I have a small entryway.
Not tiny-Manhattan-apartment-small, but small enough that it can only accommodate a shallow table for dropping keys and setting a lamp. Shallow like 8 inches. I looked for the better part of a year for something to fit.
You might remember the aqua dresser that lived in the entryway for awhile, and the beautiful combination it made with the gray walls (Sherwin Williams Gray Clouds in flat finish).
After a few years of not being able to open the front door all the way because of the dresser, it just didn’t make sense. You can see here how deep the piece is.
Well I finally got lucky at my local Homegoods (what don’t they have?) and found a right-sized console (exactly 8 inches deep!) for $250 with storage and enough top surface area for two lamps. It was more than I wanted to pay because I’m still…always…ever on the thrifty side, but I am doing everything possible to stay in this house and not be lured by the new McMansions down the street. (I like my small mortgage, and the prospect of paying cash for my kids’ college.) So it’s all about downscaling the size of the furniture in the house to really fit our house and the way we live in it.
The mirror I found at Kirklands for $50 was a total surprise. (I had been stalking West Elm for months, hoping for a sale on their $250 version.)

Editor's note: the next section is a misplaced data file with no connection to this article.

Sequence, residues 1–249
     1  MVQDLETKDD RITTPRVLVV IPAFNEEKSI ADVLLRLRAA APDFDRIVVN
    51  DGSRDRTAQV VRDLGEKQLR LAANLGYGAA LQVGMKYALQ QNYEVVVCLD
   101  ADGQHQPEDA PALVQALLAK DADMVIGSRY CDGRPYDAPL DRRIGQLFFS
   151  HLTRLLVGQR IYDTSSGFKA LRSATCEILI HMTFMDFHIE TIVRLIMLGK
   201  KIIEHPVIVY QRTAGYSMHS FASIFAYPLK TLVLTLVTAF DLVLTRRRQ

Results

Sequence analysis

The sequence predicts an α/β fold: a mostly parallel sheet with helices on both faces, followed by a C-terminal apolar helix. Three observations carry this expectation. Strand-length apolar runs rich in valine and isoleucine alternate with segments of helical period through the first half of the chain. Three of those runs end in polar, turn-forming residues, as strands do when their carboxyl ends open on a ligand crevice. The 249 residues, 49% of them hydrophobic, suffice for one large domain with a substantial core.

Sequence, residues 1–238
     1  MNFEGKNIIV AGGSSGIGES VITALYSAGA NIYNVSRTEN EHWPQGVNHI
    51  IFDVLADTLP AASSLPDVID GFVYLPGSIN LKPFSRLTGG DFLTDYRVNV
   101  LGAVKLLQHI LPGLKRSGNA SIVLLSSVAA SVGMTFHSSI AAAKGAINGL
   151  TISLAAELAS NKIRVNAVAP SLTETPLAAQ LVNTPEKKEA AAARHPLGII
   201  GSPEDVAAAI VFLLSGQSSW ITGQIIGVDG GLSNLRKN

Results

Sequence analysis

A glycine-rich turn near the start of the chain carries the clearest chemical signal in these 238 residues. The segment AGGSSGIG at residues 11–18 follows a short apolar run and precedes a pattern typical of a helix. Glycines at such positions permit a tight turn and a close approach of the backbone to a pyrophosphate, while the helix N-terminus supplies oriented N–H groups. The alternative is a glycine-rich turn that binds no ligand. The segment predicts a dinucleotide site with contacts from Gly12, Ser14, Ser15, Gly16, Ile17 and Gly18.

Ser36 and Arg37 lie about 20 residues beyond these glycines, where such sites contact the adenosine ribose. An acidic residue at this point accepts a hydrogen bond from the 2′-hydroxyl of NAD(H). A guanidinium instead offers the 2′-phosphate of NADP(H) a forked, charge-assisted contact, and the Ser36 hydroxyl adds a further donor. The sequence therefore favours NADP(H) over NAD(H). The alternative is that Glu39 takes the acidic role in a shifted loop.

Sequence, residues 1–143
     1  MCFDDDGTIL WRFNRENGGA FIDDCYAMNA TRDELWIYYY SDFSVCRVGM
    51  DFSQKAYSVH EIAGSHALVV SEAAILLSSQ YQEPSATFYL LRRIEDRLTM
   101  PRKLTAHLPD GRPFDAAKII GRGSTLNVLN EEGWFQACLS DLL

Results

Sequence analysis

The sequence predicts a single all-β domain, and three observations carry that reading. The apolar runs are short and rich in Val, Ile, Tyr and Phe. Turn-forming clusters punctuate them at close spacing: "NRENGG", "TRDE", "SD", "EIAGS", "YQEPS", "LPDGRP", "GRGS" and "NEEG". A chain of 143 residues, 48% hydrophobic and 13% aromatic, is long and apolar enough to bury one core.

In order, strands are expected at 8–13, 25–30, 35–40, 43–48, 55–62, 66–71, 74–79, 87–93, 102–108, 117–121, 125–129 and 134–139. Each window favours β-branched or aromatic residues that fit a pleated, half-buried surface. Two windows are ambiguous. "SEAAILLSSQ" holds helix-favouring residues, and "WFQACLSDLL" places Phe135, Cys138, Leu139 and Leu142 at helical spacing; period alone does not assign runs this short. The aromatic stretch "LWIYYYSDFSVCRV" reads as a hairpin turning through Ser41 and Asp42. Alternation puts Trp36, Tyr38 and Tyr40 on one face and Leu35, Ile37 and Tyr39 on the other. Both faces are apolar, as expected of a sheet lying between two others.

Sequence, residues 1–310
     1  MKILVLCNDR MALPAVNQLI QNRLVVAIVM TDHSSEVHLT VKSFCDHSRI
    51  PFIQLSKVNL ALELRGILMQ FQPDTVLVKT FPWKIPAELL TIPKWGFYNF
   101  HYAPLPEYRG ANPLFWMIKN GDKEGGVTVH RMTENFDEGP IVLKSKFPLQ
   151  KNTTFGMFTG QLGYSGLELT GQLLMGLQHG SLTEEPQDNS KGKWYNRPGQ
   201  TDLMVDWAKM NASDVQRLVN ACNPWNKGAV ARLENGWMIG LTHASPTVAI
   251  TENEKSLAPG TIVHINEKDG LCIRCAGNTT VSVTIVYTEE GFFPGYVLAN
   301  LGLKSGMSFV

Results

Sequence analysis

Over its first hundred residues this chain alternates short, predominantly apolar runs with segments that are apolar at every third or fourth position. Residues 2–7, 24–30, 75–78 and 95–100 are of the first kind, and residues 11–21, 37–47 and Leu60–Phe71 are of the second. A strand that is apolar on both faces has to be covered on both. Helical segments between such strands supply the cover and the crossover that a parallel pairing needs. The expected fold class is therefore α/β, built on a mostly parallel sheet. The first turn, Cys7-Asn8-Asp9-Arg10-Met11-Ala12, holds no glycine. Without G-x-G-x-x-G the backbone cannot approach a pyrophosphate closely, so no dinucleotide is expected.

You can see how perfectly the narrow cabinet tucks into the space on the wall.
You can also see that I’ve painted the back of the door black to harmonize with other parts of the downstairs, creating more of a focal point and building interest and contrast in the entryway. Now the front door can open fully, letting in lots of natural light.
The door is painted Sherwin Williams Cardinal Red. (I get asked.) When the door is open it produces a layered effect with the console table and entry wall, and doesn’t feel crowded.
I’m particular about light bulbs because my design plan is intended to play out on my walls. Light is a powerful design element. The way certain bulbs throw light up a wall and refract it around a room is as impactful as hanging artwork. And WAY cheaper.
It’s stunning in person. The bulbs are GE Auradescent 40W (they don’t make higher than 40W in this style). I strongly recommend them for the best effect and to really get that designer look. I have tried several of the sparkle LED bulbs but nothing so far can produce the same effect as these lovely bulbs. (You can order them at this link, and I only wish GE paid me to say so.)
Last, you’ll notice the rug is centered in the entryway. This is KEY to making your entryway feel like it’s own “real” room. Don’t jam the rug up against the base of the door. Let it breathe and let it work as a centerpiece underfoot, uniting the console on the wall with the door. And…since the average human stride length is 32 inches (it must be so, the internet told me) the odds of someone getting dirt on those first few inches of hardwood are pretty slim.
That gorgeous rug is from a dear friend who brought it back from Afghanistan. (That’s so like her…to be in warzone hell but thinking of us back home and finding items we would love. Blessings on you sweetie!)
I hope this post brought some inspiration for your entryway and a few easy design tricks you can use anywhere.